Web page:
A tall, strawberry blond woman in her late thirties arrived at the door looking confident, if not concerned. I was happy both Patty and I were in our farm digs, her in an embroidered canvas vest that said Livingston Brook Farm and me in a NEBCA tee shirt with a Border Collie on it under the logo. We introduced ourselves as travelers on the road and told her what happened to our rig. She smiled and invited us in and got us a phone book. Soon as I walked inside, my jaw nearly hit the floor...
Her kitchen was decorated with sheep, border collies, and crows. On her kitchen counter a dozen large quarts of just canned tomatoes were drying from their water bath and she had a copy of The Backyard Homestead out on display. We found out her daughter's name was Raven, and she loved the black birds as well. Inside her home (a total stranger!) I felt as comfortable as if I knew this woman my whole life. Whoever she was, she was my people.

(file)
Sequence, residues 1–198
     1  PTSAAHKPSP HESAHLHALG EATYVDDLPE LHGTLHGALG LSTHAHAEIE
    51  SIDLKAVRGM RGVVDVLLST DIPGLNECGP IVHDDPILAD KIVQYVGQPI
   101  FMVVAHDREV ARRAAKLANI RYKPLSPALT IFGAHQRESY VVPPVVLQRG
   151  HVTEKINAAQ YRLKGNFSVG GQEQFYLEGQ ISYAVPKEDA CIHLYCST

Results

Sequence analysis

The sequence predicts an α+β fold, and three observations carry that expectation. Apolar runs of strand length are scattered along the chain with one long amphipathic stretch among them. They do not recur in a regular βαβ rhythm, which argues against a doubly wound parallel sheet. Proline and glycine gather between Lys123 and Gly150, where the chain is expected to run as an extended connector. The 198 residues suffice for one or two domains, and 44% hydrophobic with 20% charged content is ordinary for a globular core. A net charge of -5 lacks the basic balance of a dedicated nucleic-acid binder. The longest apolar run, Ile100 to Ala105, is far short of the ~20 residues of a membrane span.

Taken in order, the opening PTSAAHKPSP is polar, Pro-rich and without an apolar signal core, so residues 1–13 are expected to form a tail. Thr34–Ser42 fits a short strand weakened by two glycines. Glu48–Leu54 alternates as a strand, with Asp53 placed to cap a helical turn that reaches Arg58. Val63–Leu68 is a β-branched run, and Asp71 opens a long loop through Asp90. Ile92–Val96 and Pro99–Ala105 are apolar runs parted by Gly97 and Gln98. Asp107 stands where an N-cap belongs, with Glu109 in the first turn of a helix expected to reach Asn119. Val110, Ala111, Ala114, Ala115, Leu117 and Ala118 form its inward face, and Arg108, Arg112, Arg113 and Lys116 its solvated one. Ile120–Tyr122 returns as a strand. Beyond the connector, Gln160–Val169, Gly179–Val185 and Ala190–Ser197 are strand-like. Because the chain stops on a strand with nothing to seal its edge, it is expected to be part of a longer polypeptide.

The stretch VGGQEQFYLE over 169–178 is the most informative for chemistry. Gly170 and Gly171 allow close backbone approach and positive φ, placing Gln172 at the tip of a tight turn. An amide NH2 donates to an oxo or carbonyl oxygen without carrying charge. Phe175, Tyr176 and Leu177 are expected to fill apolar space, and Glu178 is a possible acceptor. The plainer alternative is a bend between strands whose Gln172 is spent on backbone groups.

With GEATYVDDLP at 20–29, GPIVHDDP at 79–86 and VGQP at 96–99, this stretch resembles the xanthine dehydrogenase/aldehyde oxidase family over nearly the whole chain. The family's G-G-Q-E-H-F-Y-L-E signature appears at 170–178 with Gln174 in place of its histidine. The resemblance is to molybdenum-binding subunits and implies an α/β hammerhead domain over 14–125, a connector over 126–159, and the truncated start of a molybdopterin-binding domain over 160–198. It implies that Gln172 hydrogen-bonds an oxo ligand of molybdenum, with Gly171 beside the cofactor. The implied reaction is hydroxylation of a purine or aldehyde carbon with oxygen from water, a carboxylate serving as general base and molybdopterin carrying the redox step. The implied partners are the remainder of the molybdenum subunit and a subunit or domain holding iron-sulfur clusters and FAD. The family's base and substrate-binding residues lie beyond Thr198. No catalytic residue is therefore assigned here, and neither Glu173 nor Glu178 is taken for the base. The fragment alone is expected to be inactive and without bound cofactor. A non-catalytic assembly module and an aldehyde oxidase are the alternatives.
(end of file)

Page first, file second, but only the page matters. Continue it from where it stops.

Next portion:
We got to talking. Turns out her name was Ann and she was in the same Border Collie Club, NEBCA, that I belonged to! We knew the same dogs, and trainers, and we talked about our dogs and sheep. She had something in common with Patty as well, since she even owned a Percheron once. A horse she loved, rode, and drove. Patty lit up as she saw the horse photos on the fridge. As they talked about old horses and harnesses I just looked around at the magical house. It was full of black crows, horse photographs, taxidermy, collies, sheep, and homesteading paraphernalia. We had been rescued by a card carrying member of my tribe. If someone tells you crows aren't lucky, never believe another word they say. They're angels, them.